Those who perceive themselves as victims enable complete denial of responsibility for their behaviour. There are those who will pretend their behaviour has changed for the better, only for something to ‘go wrong’, thereby giving them permission to revert back to the self-defeating behaviour because in their view then, ‘I tried and it didn’t work’. Humans as a species inherently fear change; they become accustomed to the well-worn and well known. A habit requires no special effort or thought, whereas change requires a period of adjustment and the releasing of the familiar. Many therefore will resist change. For some, relinquishing a certain behaviour, albeit a self-defeating one, brings forth fear. Two approaches which can be applied to treating clients with self-defeating behaviour are Cognitive Behavioural Therapy (CBT) and the Psychodynamic approach. For the purpose of this essay the issue of low self-esteem resulting in lack of assertiveness will be used.
“People are more likely to behave in a self-defeating or destructive manner when either there are threats made to their ego or when they have low self-esteem.” (Wikipedia: Self-defeating behaviour) CBT’s roots stem from the development of behaviour therapy in the early 20th century, the development of cognitive therapy in the 1960’s and the consequent integration of the two and it was developed in the 1970’s by Aaron T. Beck, the founder of cognitive therapy. “Cognitive behavioural therapy (CBT) is a psychotherapeutic approach: a talking therapy that addresses dysfunctional emotions, behaviors and cognitions through a goal-orientated, systematic process.” (Wikipedia: Cognitive Behavioral Therapy) Self-esteem is often at the core of many psychological issues and it can manifest in depression, anxiety, eating disorders, addictions, as well as lack of assertiveness, be it at home, in the workplace or in social situations. “The major cause of poor self-esteem is past negative programming that is the product of judgemental parents.” (Hadley & Staudacher, page 152, 2001) CBT would teach the client to improve his/her self-esteem by first recognising the relationship between their thoughts, feelings and behaviour.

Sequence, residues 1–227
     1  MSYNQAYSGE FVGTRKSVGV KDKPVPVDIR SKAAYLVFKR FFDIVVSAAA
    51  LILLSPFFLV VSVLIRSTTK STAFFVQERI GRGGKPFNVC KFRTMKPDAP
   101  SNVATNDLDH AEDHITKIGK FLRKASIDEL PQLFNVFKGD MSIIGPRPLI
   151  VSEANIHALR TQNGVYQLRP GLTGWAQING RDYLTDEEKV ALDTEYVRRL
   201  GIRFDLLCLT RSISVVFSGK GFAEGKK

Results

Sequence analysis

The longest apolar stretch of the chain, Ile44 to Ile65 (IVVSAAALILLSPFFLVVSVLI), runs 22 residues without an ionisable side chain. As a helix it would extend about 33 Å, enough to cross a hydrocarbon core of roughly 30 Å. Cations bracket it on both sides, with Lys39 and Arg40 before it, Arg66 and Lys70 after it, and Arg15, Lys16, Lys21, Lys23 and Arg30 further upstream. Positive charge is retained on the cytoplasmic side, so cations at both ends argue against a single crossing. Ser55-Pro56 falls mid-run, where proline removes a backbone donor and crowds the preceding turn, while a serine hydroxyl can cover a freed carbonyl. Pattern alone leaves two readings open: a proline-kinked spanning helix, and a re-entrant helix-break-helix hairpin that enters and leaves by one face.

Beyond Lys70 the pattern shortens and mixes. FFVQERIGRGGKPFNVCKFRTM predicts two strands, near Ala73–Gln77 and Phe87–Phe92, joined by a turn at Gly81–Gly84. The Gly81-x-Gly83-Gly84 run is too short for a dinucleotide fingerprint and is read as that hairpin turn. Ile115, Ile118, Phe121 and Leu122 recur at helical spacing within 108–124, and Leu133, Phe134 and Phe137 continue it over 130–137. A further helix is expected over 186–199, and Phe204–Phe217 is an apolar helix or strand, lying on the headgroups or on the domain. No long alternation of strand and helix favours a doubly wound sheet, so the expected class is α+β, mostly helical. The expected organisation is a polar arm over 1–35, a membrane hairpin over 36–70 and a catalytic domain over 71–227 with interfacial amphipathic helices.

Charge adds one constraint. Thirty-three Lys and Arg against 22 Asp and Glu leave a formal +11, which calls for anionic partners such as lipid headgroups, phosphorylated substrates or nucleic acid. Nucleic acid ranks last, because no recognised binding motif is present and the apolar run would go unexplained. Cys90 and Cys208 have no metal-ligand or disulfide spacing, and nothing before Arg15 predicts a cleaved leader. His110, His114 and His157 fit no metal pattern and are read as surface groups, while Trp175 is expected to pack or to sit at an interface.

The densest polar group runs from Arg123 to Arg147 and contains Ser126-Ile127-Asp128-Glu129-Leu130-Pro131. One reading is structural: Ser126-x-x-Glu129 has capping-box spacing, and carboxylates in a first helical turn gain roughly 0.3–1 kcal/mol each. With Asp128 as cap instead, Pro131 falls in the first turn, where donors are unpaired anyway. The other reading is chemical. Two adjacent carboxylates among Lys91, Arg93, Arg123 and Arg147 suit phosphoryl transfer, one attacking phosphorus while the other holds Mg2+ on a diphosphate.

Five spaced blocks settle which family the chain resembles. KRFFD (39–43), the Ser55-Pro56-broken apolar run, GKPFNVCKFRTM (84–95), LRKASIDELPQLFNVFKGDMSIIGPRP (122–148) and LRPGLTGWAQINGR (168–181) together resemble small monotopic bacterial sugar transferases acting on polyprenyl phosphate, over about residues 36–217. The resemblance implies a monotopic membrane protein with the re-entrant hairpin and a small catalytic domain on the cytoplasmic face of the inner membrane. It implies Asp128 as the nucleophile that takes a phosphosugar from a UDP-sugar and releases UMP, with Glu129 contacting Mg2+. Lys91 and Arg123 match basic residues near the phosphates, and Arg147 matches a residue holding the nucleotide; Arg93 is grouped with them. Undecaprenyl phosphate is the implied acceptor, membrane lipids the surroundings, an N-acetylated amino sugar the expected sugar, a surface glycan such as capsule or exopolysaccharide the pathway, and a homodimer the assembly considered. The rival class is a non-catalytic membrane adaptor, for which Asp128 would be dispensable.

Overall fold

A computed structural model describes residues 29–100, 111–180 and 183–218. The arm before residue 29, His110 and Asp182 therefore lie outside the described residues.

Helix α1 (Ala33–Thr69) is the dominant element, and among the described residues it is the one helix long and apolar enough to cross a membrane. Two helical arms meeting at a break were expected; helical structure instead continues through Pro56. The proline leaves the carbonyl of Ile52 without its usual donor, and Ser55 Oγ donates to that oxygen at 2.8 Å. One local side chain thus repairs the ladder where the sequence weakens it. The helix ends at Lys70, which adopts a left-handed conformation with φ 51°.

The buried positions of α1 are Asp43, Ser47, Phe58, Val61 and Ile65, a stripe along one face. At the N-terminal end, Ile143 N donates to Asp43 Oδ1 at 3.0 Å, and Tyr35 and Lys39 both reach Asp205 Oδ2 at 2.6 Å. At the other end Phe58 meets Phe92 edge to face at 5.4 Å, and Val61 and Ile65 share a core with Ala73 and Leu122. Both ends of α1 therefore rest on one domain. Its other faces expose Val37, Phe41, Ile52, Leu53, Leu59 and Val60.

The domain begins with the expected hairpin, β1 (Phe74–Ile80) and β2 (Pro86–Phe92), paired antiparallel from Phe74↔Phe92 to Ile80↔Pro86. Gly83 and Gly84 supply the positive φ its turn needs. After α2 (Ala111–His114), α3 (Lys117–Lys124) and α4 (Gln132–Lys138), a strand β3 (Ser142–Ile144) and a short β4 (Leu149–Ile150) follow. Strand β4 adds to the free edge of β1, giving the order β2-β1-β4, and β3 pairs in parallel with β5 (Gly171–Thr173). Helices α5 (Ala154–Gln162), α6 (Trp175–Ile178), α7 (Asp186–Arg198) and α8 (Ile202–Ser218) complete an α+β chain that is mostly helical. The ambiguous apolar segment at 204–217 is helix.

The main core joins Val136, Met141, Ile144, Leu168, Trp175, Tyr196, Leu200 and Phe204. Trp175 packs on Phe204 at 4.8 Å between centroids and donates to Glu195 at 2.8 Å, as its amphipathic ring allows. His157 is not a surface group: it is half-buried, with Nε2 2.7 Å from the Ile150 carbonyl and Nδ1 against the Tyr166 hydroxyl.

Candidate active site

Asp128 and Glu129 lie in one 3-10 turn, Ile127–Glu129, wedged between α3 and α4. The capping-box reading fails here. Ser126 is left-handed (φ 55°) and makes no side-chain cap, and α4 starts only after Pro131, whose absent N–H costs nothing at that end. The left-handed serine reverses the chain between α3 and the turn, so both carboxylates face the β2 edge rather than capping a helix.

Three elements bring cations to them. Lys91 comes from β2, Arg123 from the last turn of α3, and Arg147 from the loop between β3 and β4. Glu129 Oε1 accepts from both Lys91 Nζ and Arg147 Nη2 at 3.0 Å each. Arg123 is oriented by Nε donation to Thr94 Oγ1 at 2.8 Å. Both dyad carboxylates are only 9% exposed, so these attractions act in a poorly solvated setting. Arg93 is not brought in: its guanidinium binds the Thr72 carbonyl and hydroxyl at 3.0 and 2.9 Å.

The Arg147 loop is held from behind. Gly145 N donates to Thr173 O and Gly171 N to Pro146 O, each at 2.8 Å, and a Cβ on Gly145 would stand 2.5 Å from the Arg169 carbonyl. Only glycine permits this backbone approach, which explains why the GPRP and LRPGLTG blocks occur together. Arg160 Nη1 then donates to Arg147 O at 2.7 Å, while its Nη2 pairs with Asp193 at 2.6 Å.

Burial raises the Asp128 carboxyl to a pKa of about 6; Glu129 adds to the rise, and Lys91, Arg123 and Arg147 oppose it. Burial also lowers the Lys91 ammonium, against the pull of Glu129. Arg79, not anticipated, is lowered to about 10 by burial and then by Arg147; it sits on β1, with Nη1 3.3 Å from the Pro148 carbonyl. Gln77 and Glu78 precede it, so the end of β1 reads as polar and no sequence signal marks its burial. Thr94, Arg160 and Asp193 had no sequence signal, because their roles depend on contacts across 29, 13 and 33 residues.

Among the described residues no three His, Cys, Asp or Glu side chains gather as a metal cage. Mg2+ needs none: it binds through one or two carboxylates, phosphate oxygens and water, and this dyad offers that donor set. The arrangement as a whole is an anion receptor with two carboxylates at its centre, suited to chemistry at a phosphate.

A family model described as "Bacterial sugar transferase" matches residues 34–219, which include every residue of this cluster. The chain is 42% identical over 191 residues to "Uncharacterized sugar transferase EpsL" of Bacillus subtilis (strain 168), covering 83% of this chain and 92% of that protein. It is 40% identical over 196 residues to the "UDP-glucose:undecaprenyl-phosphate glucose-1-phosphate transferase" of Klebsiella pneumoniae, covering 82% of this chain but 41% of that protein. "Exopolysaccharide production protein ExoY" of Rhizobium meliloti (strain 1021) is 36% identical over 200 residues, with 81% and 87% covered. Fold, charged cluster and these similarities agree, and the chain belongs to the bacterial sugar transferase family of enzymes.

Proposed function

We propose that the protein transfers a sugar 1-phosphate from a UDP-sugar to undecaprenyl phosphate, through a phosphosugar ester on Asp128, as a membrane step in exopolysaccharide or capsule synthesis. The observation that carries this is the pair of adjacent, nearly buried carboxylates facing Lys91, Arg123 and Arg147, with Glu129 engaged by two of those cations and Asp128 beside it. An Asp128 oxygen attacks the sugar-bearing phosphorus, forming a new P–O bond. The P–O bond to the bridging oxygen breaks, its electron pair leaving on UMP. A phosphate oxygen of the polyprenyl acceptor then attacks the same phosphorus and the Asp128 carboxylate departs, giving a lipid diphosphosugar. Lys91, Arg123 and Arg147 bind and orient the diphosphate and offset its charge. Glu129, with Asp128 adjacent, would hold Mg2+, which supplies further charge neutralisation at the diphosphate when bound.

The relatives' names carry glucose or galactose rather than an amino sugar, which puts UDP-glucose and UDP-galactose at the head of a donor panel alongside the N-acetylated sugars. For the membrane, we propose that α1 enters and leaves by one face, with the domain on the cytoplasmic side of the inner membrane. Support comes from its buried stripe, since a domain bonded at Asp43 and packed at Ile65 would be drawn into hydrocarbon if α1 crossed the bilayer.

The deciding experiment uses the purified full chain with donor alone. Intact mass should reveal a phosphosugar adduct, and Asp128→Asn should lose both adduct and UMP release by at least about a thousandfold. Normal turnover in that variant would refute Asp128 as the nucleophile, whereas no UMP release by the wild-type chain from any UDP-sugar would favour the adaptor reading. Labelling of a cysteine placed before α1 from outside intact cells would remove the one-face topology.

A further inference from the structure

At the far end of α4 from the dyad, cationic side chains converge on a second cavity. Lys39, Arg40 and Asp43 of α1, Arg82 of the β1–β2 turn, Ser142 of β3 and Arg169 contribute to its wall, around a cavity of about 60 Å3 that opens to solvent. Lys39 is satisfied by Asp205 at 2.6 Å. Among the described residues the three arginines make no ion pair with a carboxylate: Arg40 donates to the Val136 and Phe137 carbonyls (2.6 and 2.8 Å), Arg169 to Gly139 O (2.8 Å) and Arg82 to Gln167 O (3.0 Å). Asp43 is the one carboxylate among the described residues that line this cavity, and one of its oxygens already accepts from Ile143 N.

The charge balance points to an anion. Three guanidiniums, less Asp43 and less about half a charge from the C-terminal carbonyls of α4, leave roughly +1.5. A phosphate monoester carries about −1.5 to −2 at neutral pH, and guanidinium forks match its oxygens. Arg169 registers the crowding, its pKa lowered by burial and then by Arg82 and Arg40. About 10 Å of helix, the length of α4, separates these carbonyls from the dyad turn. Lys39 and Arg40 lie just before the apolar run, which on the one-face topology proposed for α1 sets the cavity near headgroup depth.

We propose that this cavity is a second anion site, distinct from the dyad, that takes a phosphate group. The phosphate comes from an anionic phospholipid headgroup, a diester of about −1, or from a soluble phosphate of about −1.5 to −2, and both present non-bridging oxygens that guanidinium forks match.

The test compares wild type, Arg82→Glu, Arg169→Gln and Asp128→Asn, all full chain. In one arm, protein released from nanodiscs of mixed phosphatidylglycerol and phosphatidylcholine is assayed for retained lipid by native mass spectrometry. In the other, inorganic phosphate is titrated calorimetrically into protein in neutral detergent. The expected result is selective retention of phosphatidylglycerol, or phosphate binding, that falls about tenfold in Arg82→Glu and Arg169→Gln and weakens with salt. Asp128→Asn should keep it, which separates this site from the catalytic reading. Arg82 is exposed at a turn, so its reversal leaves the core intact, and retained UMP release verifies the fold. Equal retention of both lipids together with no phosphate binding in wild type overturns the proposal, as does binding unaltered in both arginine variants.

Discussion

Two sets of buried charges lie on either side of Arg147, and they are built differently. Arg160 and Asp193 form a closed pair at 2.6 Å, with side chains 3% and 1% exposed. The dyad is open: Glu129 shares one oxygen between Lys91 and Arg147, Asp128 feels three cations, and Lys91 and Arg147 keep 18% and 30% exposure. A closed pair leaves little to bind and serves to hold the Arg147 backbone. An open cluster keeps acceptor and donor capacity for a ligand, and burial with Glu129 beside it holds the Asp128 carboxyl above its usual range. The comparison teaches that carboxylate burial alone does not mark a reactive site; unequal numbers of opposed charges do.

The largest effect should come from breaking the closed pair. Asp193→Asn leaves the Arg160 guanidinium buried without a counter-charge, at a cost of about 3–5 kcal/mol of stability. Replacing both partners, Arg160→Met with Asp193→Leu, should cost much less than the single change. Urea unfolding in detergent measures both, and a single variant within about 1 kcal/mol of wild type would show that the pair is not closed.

In identifying and becoming aware of these negative automatic thoughts, discovering the underlying inaccuracies in their thinking and subsequently rewriting the thoughts in a more balanced way, the process of change can commence. Not only would thinking in a more positive way increase self-esteem but so too would learning to say ‘no’ to things the client does not wish to do, as well as listing their strengths and achievements and keeping them accessible to read often. In the initial treatment sessions, client and therapist would compile a list of aspects the client wishes CBT to address and overcome. The client who lacks assertiveness would likely have self-doubt about his/her ability to competently and effectively master situations requiring assertiveness. The internal critic would create an avoidance of challenges, opportunities and advancements if left unaltered. In essence, CBT would provide the client with a bespoke programme using relaxation, imagery and behavioural exercises to change negative belief. CBT would focus on how the client interprets their experiences as the determining factor of who they are, as opposed to simply looking at what they experience.